Proposals to censor music date back to Plato’s Republic. In the 1970s, some individuals thought anti-war songs should be censored. In the 1980s, the emphasis shifted to prohibiting sexual and violent lyrics. The Federal Communications Commission (FCC) also sought to fine radio stations for the broadcast of indecent speech. In general, rap and hard-core rock-n-roll have faced more censorship than other types of music. Caution must be used in this area to distinguish between governmental censorship and private censorship.
Courts have not interpreted the First Amendment rights of minors, especially in school settings, to be as broad as those of adults; their speech in school newspapers or in speaking to audiences of their peers may accordingly be censored.
Advancing technology has opened up new avenues in which access to a variety of materials, including obscenity, is open to minors, and Congress has been only partially successful in restricting such access. Parental controls on televisions and computers have provided parents and other adults with some monitoring ability, but no methods are 100 percent effective.
Wrestling with sedition and seditious speech
In general, sedition is defined as trying to overthrow the government with intent and means to bring it about; the Supreme Court, however, has been divided over what constitutes intent and means.
In general, the government has been less tolerant of perceived sedition in times of war than in peace. The first federal attempt to censor seditious speech occurred with the passage of the Alien and Sedition Acts of 1798 under President John Adams.
These acts made it a federal crime to speak, write, or print criticisms of the government that were false, scandalous, or malicious. Thomas Jefferson compared the acts to witch hunts and pardoned those convicted under the statues when he succeeded Adams.
Laws attempting to reduce anti-government speech
In 1919 in Schenck, the government charged that encouraging draftees not to report for duty in World War I constituted sedition. In this case, the court held that Schenck’s actions were, indeed, seditious because, in the words of Justice Holmes, they constituted a “clear and present danger” of a “substantive evil,” defined as attempting to overthrow the government, inciting riots, and destruction of life and property.
The Smith Act of 1940 and the Internal Security Act of 1950, also known as the McCarran Act, attempted to stamp out communism in the country by establishing harsh sentences for advocating the use of violence to overthrow the government and making the Communist Party of the United States illegal.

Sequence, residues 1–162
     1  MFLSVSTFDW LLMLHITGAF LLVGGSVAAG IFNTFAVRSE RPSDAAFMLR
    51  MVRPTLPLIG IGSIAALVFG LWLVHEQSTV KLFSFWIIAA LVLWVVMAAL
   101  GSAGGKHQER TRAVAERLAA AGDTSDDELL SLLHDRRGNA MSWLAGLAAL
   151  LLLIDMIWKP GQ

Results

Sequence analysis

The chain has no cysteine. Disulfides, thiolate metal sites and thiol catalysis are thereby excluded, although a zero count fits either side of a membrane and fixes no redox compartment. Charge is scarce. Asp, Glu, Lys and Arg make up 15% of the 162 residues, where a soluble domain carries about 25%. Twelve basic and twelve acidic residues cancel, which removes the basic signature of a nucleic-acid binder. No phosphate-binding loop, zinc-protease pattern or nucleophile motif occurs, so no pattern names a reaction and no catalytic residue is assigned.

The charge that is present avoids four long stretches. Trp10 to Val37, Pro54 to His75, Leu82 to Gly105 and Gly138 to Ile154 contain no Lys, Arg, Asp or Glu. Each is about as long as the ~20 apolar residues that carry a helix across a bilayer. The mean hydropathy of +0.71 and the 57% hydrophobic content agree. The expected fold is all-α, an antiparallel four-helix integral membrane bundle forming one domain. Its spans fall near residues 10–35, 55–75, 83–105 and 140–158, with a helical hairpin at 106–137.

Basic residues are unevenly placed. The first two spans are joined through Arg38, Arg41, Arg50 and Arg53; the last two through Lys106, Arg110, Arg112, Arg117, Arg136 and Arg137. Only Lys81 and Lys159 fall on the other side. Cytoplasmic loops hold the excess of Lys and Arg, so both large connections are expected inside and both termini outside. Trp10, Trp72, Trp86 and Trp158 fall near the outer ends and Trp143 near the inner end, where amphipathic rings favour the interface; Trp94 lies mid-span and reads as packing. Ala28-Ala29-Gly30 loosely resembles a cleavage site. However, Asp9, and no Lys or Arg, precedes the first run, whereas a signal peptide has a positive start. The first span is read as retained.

After the al-Qaida attacks of September 11, 2001, and passage of the USA Patriot Act, the United States faced new challenges to civil liberties. As a means of fighting terrorism, government agencies began to target people openly critical of the government. The arrests of individuals suspected of knowing people considered terrorists by the government was in tension with, if not violation of, the First Amendment’s freedom of association. These detainees were held without benefit of counsel and other constitutional rights.
The George W. Bush administration and the courts have battled over the issues of warrantless wiretaps, military tribunals, and suspension of various rights guaranteed by the Constitution and the Geneva Conventions, which stipulate acceptable conditions for holding prisoners of war.
Expressive and symbolic speech
Certain forms of speech are protected from censure by governments. For instance, the First Amendment protects pure speech, defined as that which is merely expressive, descriptive, or assertive. The Court has held that the government may not suppress speech simply because it thinks it is offensive. Even presidents are not immune from being criticized and ridiculed.
Less clearly defined are those forms of speech referred to as speech plus, that is, speech that carries an additional connotation. This includes symbolic speech, in which meanings are conveyed without words.
In Tinker v. Des Moines Independent Community School District (1969), the Court upheld the right of middle and high school students to wear black armbands to school to protest U.S. involvement in Vietnam.
One of the most controversial examples of symbolic speech has produced a series of flag desecration cases, including Spence v. Washington (1974), Texas v. Johnson (1989), and United States v. Eichman (1990).
Despite repeated attempts by Congress to make it illegal to burn or deface the flag, the Court has held that such actions are protected. Writing for the 5-4 majority in Texas v. Johnson, Justice William J. Brennan Jr. stated, “We do not consecrate the flag by punishing its desecration, for in doing so we dilute the freedom that this cherished emblem represents.”
When speech turns into other forms of action, constitutional protections are less certain.
In R.A.V. v. St. Paul (1992), the Court overturned a local hate crime statute that had been used to convict a group of boys who had burned a cross on the lawn of a black family living in a predominately white neighborhood.
The Court qualified this opinion in Virginia v. Black (2003), holding that the First Amendment did not protect such acts when their purpose was intimidation.
This article was originally published in 2009. Elizabeth Purdy, Ph.D., is an independent scholar who has published articles on subjects ranging from political science and women’s studies to economics and popular culture.